Mr. Ebenezer Nimako Nyarko, founder of EN Analytics, has emphasised the importance of the National Science and Maths Quiz (NSMQ) in promoting science and mathematics in Ghanaian senior high schools.
He made this remark on Campus Exclusive program on the University of Ghana’s campus-based radio station.
He was explaining the factors that were taken into account in the most recent analytics release that ranked the strength of science in Ghanaian senior high schools.
Mr. Nyarko highlighted the rationale for focusing on this event for evaluating educational standards by emphasizing the significance of the NSMQ competition as the closest representative of science and math education in the country.
“The criteria are to look at what represents science and maths in the secondary school category currently and the nearest proxy is the National Science and Maths Quiz. So that is why we focus on the NSMQ to look at science and maths education in Ghana. Your final position that you reach in a particular year and then the category of the school that has been assigned to you by GES,” Mr Nyarko said.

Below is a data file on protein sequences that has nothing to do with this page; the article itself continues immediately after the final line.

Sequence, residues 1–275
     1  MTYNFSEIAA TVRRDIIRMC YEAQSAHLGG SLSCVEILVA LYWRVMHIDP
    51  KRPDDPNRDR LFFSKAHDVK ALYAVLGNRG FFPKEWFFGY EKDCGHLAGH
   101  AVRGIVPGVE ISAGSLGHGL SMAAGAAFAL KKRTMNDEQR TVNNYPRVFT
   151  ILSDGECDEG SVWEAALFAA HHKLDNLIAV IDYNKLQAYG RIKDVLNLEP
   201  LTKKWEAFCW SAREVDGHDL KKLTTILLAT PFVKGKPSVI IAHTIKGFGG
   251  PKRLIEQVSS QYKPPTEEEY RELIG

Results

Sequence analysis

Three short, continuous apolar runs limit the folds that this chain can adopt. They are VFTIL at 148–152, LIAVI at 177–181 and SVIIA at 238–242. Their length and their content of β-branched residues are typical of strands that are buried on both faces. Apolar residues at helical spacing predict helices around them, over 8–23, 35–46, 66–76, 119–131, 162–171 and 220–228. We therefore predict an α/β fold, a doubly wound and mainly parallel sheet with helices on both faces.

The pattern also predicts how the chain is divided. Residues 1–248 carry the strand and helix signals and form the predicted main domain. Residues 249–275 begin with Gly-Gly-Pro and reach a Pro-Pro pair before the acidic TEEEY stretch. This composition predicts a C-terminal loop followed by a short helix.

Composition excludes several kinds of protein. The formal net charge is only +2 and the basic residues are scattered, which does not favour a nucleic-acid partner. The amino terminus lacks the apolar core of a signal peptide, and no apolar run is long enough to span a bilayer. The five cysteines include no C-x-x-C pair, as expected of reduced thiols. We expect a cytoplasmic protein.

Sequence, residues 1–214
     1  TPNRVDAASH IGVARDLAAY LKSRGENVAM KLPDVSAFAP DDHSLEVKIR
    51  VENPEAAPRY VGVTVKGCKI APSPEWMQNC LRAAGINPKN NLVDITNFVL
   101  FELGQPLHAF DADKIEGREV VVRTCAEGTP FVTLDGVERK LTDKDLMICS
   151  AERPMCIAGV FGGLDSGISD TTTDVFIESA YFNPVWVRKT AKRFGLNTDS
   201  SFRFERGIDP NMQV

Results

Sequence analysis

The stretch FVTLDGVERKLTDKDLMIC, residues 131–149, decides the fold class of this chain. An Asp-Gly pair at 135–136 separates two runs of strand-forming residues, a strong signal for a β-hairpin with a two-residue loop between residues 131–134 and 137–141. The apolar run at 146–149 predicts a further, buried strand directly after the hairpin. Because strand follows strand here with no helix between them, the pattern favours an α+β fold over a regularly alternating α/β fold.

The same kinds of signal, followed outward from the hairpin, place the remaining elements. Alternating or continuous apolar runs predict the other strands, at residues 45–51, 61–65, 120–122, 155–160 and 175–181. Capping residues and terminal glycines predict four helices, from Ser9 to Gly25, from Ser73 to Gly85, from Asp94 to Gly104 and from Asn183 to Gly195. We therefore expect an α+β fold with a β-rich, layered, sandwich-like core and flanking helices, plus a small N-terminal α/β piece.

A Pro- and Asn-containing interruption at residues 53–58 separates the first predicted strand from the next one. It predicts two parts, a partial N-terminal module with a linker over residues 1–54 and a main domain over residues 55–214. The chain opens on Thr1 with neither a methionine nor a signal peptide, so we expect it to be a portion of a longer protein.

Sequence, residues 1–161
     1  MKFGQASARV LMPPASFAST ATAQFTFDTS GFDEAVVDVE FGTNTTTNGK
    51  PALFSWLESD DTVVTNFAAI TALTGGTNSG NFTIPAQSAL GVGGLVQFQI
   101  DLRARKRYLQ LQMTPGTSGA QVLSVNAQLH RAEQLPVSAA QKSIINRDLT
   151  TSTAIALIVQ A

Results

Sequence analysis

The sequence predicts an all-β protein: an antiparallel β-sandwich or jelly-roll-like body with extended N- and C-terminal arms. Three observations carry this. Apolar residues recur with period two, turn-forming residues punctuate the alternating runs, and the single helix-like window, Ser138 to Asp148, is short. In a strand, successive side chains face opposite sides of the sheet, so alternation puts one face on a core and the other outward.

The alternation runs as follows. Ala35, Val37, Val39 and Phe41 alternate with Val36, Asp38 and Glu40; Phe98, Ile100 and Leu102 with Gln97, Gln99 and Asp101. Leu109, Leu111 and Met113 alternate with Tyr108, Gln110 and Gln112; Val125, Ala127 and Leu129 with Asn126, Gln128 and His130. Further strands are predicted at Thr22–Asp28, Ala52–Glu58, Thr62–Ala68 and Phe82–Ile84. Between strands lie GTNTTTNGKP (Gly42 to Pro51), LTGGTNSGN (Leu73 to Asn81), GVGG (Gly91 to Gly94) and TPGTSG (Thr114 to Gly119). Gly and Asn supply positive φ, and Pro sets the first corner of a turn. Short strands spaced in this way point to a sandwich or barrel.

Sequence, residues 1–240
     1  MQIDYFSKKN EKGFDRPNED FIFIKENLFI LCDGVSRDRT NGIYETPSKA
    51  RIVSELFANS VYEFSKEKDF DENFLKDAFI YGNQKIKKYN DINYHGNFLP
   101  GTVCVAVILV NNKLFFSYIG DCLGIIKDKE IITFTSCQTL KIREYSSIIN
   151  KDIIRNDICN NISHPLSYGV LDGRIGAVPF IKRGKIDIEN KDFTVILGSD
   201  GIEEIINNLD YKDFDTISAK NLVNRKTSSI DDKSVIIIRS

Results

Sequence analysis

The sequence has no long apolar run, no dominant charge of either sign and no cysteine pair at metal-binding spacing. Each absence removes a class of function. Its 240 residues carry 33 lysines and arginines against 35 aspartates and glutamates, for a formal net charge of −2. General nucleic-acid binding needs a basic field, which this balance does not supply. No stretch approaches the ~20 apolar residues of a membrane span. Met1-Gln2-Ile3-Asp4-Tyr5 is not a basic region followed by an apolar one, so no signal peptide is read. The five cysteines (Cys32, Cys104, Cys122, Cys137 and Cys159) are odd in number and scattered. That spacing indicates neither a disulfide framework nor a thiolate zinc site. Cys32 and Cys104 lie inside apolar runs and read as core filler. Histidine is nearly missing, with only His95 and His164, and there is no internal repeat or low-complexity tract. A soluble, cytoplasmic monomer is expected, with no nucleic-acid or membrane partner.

In order to address the fundamental aspects of acknowledging efforts in educational competitions, Nyarko emphasised the importance of rankings beyond mere victory, emphasising the importance of appreciating schools’ efforts, regardless of ranking, in order to truly acknowledge their dedication to the NSMQ.
“Every competition must have a ranking, so that informs the basis of the ranking. You cannot just hold a competition and say that [a school] just won the competition; [A school] will be at the semifinals without winning but that school must be recognized for the effort that they have put in reaching their positions. So that forms the basis of the rankings but that rankings are not necessarily for the winner of the competition but to reward consistent performance,” he said.
Mr. Nyarko also explained why EN Analytics uses the National Science and Maths Quiz for its ranking, stating that there is no other method representative of science and maths education in Ghana besides the NSMQ.
“In Ghana, when you talk about science and maths in secondary schools, apart from the NSMQ, we can’t have any other method that represents science and maths education in Ghana. So that is the closest that we can get in Ghana at the moment,” he said.
Mr. Nyarko’s emphasis on the NSMQ as a critical tool for evaluating science and mathematics education in Ghana, as well as his call for comprehensive rankings that recognise the efforts of all participating schools, highlighted the need for a broader understanding of excellence in educational competitions that goes beyond mere victory.